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Default Skarsnik Review

Lord of the Night reviews the comical but in a good way Warhammer Heroes novel Skarsnik by Guy Haley.

"A deeply funny novel that had me laughing on nearly every page, Skarsnik is a story that will entertain the reader with an intricate tale of villainy, backstabbing and improbable plans, and keep them laughing the whole way."

Skarsnik is a story that I was rather interested in for being an Orcs and Goblins novel, and with an ambitious subject at that. Choosing Skarsnik, King of Karak Eight Peaks and the greatest living Goblin, for a story was a good choice by Guy Haley and I feel he has definitely done the eponymous Goblin king justice with this story that may or may not be entirely true, because as one character says in the book regarding Skarsnik, "Believe only a half-measure of what he tells you." Good advice for a story that has reasons for both being believable or unbelievable, but admittedly not as much is made of Skarsnik's untrustworthy narration as it could have been.

Deep within the mountains of Karak Eight Peaks, the lost city of the Dwarfs, where sneaky Goblins roam in the streets and slinking Skaven rule the tunnels beneath, there is a being like no other of his ilk. Skarsnik, the King of the Mountain, the most powerful and devious Goblin warlord to ever live and without a doubt, the smartest Goblin in history. But how did this unlikely king achieve the lofty heights of power he has risen to? There is a story there, a story about cunning prevailing over strength, survival in the harshest places the mountains can offer and unlikely plans succeeding beyond expectation. And now as told by the lunatic playwright Jeremiah Bickenstadt, is the origins of Skarsnik as was dictated to him by the Goblin himself, but is this incredible story true or false? Make of it what you will.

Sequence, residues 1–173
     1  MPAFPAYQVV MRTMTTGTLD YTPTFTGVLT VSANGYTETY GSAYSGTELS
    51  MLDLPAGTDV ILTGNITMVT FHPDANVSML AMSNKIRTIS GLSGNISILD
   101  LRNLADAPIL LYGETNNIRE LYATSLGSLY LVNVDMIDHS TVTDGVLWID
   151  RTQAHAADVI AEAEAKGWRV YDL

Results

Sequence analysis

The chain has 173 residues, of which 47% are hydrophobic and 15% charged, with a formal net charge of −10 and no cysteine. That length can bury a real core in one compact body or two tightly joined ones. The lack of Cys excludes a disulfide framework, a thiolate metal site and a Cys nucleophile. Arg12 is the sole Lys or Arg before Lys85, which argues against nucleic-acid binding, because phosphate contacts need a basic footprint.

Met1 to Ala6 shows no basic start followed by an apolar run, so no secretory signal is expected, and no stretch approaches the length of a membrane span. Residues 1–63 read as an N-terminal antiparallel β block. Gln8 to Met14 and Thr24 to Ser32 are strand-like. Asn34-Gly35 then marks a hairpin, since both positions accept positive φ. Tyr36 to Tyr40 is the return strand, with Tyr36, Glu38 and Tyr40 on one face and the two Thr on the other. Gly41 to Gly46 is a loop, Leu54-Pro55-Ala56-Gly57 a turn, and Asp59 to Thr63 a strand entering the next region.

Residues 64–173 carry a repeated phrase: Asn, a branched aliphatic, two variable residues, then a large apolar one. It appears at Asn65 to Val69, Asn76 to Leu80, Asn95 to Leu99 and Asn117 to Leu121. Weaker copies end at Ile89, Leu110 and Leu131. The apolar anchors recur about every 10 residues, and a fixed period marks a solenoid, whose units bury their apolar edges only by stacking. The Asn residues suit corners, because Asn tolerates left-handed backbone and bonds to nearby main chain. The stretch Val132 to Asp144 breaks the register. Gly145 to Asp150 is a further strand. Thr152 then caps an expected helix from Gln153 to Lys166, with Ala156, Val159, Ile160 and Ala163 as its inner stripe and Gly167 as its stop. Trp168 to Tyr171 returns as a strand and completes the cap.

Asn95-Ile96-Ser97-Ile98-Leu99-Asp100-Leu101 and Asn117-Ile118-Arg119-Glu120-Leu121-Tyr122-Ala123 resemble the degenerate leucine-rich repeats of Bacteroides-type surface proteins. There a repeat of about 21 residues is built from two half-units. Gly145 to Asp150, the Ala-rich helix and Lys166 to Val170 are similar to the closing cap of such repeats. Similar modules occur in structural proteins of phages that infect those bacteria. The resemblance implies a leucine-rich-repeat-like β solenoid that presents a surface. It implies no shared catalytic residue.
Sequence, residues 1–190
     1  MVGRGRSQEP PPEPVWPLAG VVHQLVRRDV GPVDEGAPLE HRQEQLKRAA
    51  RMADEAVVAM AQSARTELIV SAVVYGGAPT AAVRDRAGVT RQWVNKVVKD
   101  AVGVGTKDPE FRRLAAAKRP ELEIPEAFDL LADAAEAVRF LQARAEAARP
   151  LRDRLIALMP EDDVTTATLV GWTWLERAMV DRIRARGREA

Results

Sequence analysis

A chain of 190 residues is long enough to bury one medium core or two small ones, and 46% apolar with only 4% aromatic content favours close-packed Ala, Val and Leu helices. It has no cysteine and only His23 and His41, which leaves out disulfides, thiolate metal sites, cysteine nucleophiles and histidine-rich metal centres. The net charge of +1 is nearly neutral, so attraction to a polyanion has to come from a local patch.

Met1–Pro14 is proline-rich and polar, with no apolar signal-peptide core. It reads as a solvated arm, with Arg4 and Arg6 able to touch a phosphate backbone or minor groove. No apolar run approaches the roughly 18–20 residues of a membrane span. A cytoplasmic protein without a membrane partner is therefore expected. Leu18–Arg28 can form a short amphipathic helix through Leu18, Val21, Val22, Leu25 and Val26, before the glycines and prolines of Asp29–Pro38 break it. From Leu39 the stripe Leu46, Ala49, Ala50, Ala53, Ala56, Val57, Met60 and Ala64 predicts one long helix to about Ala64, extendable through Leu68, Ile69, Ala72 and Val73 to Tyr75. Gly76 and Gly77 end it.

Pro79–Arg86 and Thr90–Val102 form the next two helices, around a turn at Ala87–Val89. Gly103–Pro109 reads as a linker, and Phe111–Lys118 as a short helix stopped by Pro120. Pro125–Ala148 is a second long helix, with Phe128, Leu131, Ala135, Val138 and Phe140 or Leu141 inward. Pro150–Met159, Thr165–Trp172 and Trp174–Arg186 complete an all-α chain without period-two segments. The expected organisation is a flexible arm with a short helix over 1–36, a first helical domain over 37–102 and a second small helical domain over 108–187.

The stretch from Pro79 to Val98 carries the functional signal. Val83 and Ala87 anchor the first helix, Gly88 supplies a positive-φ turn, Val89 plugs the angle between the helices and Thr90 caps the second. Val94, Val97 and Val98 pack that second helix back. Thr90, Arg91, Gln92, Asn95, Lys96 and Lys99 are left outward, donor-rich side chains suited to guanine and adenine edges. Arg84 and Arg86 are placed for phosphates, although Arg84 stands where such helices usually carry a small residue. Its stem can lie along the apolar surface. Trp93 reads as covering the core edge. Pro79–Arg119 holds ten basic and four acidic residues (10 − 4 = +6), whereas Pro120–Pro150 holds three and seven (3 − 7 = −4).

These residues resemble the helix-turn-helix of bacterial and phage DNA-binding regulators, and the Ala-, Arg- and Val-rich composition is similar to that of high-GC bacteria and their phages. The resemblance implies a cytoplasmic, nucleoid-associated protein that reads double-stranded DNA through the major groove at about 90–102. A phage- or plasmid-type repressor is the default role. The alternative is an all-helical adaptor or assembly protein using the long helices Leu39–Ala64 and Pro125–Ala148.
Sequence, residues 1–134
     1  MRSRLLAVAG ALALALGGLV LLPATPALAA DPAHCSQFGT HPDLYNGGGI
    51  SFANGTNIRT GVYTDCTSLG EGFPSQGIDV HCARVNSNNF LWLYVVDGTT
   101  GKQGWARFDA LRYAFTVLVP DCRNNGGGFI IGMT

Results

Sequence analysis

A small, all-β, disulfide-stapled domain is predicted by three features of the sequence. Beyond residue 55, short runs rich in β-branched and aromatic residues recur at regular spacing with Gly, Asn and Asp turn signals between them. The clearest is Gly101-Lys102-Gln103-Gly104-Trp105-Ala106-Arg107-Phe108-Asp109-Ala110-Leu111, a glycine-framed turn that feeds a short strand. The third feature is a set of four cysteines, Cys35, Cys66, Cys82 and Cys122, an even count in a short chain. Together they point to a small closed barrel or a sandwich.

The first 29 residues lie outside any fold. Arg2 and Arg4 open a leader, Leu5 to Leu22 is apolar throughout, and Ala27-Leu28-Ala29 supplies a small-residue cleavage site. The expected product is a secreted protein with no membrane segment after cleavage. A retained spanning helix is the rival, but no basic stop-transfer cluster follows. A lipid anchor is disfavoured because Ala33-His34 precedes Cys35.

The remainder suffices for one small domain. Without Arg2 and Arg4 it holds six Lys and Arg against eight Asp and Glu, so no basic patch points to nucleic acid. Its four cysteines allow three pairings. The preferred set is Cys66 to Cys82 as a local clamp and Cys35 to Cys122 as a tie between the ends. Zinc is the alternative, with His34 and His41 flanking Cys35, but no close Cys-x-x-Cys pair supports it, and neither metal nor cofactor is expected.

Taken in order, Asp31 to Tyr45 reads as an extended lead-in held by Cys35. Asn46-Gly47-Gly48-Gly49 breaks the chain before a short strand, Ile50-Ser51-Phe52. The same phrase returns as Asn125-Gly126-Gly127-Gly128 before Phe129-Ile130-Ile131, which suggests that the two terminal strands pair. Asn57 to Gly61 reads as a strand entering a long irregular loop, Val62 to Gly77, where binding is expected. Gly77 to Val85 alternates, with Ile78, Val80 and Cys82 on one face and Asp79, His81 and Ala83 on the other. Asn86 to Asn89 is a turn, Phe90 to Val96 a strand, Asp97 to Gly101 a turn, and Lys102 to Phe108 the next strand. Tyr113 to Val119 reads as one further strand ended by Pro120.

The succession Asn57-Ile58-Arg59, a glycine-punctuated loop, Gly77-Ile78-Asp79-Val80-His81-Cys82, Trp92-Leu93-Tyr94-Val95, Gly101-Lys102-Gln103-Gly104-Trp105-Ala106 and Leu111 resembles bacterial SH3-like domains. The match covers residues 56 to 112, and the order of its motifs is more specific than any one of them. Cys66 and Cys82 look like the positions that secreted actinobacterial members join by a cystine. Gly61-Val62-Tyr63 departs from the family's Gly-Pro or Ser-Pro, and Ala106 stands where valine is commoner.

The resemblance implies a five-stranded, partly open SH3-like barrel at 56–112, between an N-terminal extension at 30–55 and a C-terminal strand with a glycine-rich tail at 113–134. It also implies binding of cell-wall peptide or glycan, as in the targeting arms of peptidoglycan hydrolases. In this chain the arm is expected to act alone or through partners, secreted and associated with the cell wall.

The story in Skarsnik is told in a rather interesting fashion. A first person narrative is used but in addition the chapters also read a little like a play with a real narrator, a narrator that explains things when the story doesn't and who asks little questions to the reader and muses on what Skarsnik's story tells us of the Orcs and Goblins and their culture (or Kultur'). The story itself is divided into several areas, first the framing story set in the asylum where the story is told by Jeremiah Bickenstadt, then the chapters and parts in the narrative where Bickenstadt is told the story by Skarsnik, and then the chapters that delve into the main story and show the origins and rise of Skarsnik. All of these parts blend together nicely, brief reminders of the overall story being told in a few chapters here and there that shows how it is being received, before going back into the main story with Skarsnik that is broken up by taking the reader of out of the adventure and returning them to Skarsnik and Bickenstadt; all of which give this story a unique feel beyond the subject matter, it really did feel like I was being told this story by Bickenstadt and Skarsnik. Considering that and the fact that the main story was exciting, very funny and very engaging, I deeply enjoyed Skarsnik from start to finish.